The theme of appearance vs. reality particularly helps create the comedy in Twelfth Night by adding both dramatic irony as well as verbal irony. Dramatic irony refers to moments when the audience understands far more about a character's situation than the character understands himself/herself. Verbal irony describes any time a character says something that he/she means to be understood in a way that actually contrasts with the literal meaning of what is said.
Viola embodies the theme of appearance vs. reality through disguising herself as a eunuch servant working for Duke Orsino when in reality she is an orphaned, wealthy noblewoman. We especially see how her disguise lends itself to creating dramatic irony when we see Olivia's response to Viola's disguise as Cesario. Viola as Cesario was particularly bold in gaining admittance into Olivia's home, making Cesario seem a bit surprising and mysterious. Cesario is also quite bold in confronting Olivia, even boldly criticizing her actions to her face, calling Olivia "the cruell'st she alive" (I.v.225). All of this boldness and mystery makes Olivia very quickly fall in love with who she thinks is Cesario, as we see in Viola's lines, "She loves me, sure; the cunning of her passion / Invites me in this churlish messenger [Malvolio]" (II.ii.21-22). What's more, the fact that Olivia having become so convinced by Viola's boyish disguise as to fall in love with her is a perfect example of dramatic irony because we the audience are well aware that Viola is really a woman, while Olivia is still unaware of the fact, and irony is a huge factor in creating comedy.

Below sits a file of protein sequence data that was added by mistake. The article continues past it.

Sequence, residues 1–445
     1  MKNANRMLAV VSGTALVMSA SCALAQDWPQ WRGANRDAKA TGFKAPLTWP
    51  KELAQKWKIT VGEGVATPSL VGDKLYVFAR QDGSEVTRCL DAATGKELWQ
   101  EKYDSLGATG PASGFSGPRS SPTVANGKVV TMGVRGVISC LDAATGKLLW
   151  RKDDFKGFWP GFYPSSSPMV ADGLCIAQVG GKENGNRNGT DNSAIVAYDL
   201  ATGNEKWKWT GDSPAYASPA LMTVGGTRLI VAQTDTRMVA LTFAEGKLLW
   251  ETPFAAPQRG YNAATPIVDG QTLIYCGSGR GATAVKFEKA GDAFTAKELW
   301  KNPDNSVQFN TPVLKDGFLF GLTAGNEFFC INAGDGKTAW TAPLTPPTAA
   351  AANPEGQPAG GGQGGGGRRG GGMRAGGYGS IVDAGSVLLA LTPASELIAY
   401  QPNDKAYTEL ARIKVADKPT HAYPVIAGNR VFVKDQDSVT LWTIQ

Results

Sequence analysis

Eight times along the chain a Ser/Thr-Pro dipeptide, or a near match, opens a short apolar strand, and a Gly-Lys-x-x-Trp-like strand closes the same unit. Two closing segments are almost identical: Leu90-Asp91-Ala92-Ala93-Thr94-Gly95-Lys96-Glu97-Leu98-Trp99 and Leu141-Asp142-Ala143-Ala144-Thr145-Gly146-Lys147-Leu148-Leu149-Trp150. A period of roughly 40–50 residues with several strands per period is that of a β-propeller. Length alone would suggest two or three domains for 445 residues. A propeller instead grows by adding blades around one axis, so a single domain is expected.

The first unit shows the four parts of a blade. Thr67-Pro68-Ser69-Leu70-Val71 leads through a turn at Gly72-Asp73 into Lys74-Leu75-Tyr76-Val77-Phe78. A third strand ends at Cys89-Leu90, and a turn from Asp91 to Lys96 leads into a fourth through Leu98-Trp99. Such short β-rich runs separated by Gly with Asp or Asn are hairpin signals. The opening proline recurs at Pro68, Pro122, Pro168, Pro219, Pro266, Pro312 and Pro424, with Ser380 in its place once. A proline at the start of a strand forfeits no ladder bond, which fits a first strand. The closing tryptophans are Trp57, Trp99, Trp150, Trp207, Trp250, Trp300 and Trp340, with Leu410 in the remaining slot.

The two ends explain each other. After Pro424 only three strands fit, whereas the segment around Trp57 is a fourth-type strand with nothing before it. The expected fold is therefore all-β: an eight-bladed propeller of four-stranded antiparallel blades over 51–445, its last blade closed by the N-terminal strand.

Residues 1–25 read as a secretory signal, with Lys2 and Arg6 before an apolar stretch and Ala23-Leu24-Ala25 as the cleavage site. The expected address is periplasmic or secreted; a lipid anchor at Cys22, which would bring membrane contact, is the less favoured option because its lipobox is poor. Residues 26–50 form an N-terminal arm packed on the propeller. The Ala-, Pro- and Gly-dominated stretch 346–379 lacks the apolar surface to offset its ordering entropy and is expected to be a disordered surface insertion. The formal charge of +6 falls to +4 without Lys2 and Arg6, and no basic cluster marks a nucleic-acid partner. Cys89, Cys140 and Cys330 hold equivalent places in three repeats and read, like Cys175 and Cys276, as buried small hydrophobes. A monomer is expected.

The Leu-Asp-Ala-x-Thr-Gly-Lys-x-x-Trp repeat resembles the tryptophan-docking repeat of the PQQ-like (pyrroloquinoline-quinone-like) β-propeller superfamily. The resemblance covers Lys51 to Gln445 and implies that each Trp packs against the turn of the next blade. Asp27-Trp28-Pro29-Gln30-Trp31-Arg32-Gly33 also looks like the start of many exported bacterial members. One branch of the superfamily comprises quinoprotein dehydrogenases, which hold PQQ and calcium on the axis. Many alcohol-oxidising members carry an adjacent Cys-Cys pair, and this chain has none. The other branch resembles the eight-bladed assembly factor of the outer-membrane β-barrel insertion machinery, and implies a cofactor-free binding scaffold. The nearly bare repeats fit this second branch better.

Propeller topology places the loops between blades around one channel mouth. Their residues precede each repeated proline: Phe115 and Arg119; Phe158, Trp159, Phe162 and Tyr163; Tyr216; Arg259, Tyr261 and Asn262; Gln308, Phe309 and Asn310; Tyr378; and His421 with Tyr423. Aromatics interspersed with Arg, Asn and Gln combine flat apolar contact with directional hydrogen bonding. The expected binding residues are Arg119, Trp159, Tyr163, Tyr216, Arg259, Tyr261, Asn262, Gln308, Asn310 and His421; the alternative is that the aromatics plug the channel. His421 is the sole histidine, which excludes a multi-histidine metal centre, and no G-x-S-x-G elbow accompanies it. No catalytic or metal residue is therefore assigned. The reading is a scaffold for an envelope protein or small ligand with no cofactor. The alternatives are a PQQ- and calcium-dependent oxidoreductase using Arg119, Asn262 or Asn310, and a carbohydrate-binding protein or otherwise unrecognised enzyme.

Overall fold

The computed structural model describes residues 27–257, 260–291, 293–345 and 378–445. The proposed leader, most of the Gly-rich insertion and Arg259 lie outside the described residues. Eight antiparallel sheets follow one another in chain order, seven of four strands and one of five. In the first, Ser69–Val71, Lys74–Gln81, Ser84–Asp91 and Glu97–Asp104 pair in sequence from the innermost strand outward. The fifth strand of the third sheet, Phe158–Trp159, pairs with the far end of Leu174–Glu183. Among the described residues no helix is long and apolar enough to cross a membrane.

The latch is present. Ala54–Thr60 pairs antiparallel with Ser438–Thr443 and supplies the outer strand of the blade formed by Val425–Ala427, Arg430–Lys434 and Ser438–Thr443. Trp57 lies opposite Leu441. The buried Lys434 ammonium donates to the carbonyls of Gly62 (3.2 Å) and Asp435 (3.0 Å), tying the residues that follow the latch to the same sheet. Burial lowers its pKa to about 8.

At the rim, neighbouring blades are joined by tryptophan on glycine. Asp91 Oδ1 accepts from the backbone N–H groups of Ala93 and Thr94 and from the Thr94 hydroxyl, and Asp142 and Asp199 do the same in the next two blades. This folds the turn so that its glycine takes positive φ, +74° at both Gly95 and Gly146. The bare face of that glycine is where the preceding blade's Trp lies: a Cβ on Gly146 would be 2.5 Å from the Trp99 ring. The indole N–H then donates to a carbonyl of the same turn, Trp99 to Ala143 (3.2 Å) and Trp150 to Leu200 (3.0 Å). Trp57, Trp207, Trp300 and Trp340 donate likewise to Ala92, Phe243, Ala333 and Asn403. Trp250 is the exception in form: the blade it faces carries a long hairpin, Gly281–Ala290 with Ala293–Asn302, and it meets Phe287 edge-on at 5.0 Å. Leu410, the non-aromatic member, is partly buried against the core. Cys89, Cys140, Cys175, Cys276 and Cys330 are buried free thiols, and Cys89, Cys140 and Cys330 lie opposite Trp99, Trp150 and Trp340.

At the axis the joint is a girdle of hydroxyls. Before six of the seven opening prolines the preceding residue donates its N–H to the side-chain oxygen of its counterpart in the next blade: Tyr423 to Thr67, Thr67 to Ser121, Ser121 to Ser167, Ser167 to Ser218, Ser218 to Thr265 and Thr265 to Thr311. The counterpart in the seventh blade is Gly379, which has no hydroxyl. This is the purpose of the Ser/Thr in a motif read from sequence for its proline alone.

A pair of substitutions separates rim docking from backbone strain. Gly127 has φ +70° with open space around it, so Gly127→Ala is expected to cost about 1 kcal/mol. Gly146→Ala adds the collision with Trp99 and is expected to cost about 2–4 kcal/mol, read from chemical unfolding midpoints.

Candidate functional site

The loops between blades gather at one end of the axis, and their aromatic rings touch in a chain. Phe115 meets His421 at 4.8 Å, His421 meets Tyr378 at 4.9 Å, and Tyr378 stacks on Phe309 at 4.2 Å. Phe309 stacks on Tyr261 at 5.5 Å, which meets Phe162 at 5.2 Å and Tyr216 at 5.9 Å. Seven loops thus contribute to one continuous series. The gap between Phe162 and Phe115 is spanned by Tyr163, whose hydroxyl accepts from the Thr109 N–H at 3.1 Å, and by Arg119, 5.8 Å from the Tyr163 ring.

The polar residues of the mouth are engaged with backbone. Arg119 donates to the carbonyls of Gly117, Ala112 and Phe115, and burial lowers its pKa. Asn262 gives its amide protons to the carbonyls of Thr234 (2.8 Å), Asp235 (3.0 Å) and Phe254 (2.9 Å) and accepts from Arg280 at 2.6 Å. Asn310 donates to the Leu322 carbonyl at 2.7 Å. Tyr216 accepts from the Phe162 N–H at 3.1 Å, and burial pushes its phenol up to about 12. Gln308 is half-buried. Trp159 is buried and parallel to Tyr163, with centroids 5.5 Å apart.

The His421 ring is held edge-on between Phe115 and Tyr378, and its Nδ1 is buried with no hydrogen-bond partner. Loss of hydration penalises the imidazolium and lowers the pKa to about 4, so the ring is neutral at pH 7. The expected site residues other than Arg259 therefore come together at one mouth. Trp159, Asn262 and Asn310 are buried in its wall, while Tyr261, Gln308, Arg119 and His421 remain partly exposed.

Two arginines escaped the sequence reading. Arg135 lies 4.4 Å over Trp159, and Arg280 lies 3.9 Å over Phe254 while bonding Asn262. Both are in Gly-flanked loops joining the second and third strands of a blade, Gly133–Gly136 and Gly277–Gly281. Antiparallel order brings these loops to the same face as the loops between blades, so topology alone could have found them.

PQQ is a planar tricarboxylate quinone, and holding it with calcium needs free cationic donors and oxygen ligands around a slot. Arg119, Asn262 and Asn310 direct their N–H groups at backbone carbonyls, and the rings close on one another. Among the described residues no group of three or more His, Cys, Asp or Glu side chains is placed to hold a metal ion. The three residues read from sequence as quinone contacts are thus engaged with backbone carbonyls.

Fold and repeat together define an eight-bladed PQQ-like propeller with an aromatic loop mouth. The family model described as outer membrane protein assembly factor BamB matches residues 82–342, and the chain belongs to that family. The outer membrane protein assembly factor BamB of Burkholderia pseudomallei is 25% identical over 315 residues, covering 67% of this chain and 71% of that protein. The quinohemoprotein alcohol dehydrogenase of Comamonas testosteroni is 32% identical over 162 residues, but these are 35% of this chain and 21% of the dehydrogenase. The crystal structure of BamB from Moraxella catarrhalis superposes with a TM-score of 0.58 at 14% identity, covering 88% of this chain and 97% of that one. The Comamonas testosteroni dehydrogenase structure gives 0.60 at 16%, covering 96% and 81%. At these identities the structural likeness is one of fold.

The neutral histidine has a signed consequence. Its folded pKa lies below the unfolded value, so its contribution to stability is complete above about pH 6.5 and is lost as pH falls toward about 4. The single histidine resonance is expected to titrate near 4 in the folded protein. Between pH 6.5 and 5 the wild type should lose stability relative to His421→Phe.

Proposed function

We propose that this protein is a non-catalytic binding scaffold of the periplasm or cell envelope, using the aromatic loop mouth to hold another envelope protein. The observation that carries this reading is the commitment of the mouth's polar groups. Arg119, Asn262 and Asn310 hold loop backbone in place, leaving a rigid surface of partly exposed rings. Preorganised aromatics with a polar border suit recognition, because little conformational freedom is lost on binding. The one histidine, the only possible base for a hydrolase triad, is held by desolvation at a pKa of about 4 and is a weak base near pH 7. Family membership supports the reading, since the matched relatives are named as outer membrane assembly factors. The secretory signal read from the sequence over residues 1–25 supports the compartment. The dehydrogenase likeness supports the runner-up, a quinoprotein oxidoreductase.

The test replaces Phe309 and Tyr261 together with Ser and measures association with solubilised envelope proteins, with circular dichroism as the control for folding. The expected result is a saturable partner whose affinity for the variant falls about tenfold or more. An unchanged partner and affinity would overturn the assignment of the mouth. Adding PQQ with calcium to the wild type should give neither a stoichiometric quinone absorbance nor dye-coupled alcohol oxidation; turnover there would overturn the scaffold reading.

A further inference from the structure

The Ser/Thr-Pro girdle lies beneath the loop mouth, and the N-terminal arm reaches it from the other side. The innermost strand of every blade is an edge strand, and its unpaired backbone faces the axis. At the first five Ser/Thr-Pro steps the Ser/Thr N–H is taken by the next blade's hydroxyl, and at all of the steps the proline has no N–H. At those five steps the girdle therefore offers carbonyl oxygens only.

Viola's disguise also lends itself to moments when what she says can be seen as verbal irony, especially with respect to things she says to Duke Orsino. One example can be seen in Act 2, Scene 4, when Orsino sends for Feste to sing a song. While waiting for Feste, Orsino declares to Viola as Cesario that he bets Cesario's "eye / Hath stay'd upon some favour that it loves," meaning that he bets Cesario has fallen in love. Viola's brief response, "A little, by your favour," is an extremely ironic pun (II.iv.27). The phrase "by your favour" can mean "if you please," meaning that literally Viola is saying, "I have loved a little, if you please," which is a way of responding to her superior in a respectful way about such a personal topic. However, Viola is making a pun out of the phrase "by your favour" and using it to mean "near your appearance," which is a subtle way of saying, "Yes, my eyes have fallen in love with someone who looks like you." Hence, Viola's response is creating verbal irony by saying one thing and meaning another, and since the audience is well aware of what she really means because we are well aware that she is in love with Orsino, we see the comic effect that both her disguise, as well as the verbal irony produced through her disguise, are creating.